The offensive line had some good success Sunday against a formidable Bengals front. They paved the way for the running backs to rack up 137 rushing yards and also contributed by getting out in front of a few screen passes. In addition, the pass protection was good, with the Bengals picking up just one coverage sack.
In the running game, the Jets had some success with zone blocking concepts. On the play shown below, the line moves in unison to the right and James Carpenter uses his man's momentum to drive him upfield and create a cutback lane for the run back up the middle. Ryan Clady also contributes by making a cut block at the second level.
Carpenter has said moving to the Jets was good for him because he can do more man/power blocking than he was able to in Seattle's zone-heavy scheme. However, he had success with plays like this on a number of occasions, proving that he is still capable of handling those zone concepts well too. Overall, he did a good job of opening up running lanes, although he was bull-rushed back into the quarterback once in pass protection.
Clady's first game as a Jet went about as well as could be expected. He gave up a pressure on a play where Carlos Dunlap lined up on his side and gained leverage with a spin move before driving him back into the quarterback. Otherwise, he just about managed to hold up and prevent the pocket from collapsing on his side. As well as making some good second level run-blocks, he set the edge well by driving his man to the inside on one play.
However, he did get beaten inside for a stop in the backfield. Nick Mangold blocked effectively, as you'd expect, but wasted two plays with bad snaps. He only let his man into the backfield once in pass protection and did an excellent job of moving his man out of the middle consistently in the running game. He also got out in front of a screen pass nicely.
To his credit, Brian Winters held his own one-on-one with Geno Atkins on a few plays. While still susceptible to the bull-rush in pass protection, he made some good contributions in the running and screen game, but there were still issues with sustaining blocks and he was called for a holding penalty on one play.
At right tackle, Ben Ijalana and Brent Qvale had a rough first game, as each was benched several times. I'm just kidding; it was actually just a rotation hey were employing. That seemed to work well, as both held up pretty well and avoided any major mistakes, although they had help on that side at times.
Qvale stayed in front of his man well on the edge in pass protection, but there were a couple of plays where he failed to pick up a blitzer, leading to a quarterback hit on one play and pressure that ultimately led to a sack on the other.
There was also a play where he let his man drive him back, which didn't generate pressure but disrupted the passing lane and forced the quarterback to delay on a quick throw to the flat in the red zone. Had that been released on time, it could have been a potential touchdown. In the running game, he fared well on kick-out blocks, especially in the second half, but had mixed results otherwise.
Ijalana allowed his man to beat him around the edge a couple of times, but prevented any clean pressure. He set the edge well on one running play and drove his man downhill on another but also let his man get off his block for a stop early in the game.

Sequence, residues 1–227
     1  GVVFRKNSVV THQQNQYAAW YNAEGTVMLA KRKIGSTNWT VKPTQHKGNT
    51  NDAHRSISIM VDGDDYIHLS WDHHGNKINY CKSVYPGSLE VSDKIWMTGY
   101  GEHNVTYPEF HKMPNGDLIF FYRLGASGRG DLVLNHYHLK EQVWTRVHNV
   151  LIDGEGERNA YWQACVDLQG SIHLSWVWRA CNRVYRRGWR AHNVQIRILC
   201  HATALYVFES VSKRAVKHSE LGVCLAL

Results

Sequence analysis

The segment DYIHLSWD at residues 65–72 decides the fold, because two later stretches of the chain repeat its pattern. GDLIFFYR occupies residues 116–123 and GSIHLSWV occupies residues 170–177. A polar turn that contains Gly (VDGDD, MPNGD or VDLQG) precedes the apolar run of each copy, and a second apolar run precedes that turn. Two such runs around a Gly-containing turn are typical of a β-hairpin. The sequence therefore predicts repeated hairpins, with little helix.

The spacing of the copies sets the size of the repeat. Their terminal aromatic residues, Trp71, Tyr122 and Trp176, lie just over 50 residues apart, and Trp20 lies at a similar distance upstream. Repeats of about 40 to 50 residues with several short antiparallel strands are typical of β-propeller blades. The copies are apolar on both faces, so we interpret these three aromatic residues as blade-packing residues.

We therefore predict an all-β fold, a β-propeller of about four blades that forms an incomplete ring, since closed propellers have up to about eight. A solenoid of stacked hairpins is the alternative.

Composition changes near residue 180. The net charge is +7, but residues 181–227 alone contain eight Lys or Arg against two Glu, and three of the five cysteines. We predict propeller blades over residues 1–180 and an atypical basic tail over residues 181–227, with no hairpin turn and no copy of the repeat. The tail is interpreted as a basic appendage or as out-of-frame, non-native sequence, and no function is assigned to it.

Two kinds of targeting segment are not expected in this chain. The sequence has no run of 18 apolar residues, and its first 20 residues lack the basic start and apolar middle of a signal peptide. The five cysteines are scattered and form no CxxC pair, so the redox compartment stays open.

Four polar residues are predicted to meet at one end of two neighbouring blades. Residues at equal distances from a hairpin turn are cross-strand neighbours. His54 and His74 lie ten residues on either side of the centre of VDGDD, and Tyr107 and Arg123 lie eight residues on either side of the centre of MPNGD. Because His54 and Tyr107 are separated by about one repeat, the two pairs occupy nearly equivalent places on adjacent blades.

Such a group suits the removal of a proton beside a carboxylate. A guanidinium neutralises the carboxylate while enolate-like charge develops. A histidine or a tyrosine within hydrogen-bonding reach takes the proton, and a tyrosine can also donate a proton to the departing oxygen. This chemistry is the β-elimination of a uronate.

Some have suggested the Jets view Qvale as the better run-blocker and Ijalana as more reliable in pass-protection and that this might influence their play calling when each is in the game and how they might be employed situationally. That may or may not be true, but, for the record, they ran the ball slightly more often with Qvale in there, but not significantly so (44 percent to 38 percent).
On running plays with Qvale in the game, the Jets gained 87 yards on 14 carries, as opposed to just 56 on 15 carries with Ijalana in the game. However, the majority of that yardage came on the drive that ultimately stalled at the goal line early in the fourth quarter.
It was disappointing that with all the concern over the right tackle position somewhat eradicated by some solid play, the issues the Jets had running the ball in short yardage situations still carried over from last year.
The key play was 2nd-and-goal from the one-yard line as the run was stacked up for a short loss. On that play the Jets opted to run behind Qvale, two tight ends and a ful back. Qvale was stood up, but the main issue was that Brandon Bostick allowed his man to shove him into the hole so that the fullback couldn't get a clean lead block.
Had the run gone left or been immediately bounced outside to the right, it probably would have been a touchdown because the rest of the line did a good job at the point of attack and Kellen Davis seemed to have his man controlled on the outside.
Dakota Dozier was the only active lineman not to get a snap, as Wesley Johnson was used as a jumbo package tight end on the aforementioned goal line play.
Before moving on, let's raise a glass to D'Brickashaw Ferguson. It was weird not to see him out there even though, most of the time, he did such a consistent job that you barely noticed him anyway. Unless you're the kind of lunatic who spends hours breaking down every player's role on each snap, of course. Cheers, Brick. You won't soon be forgotten.
Next up… An encouraging debut for Matt Forté, but did the Jets abandon the running game at the wrong times?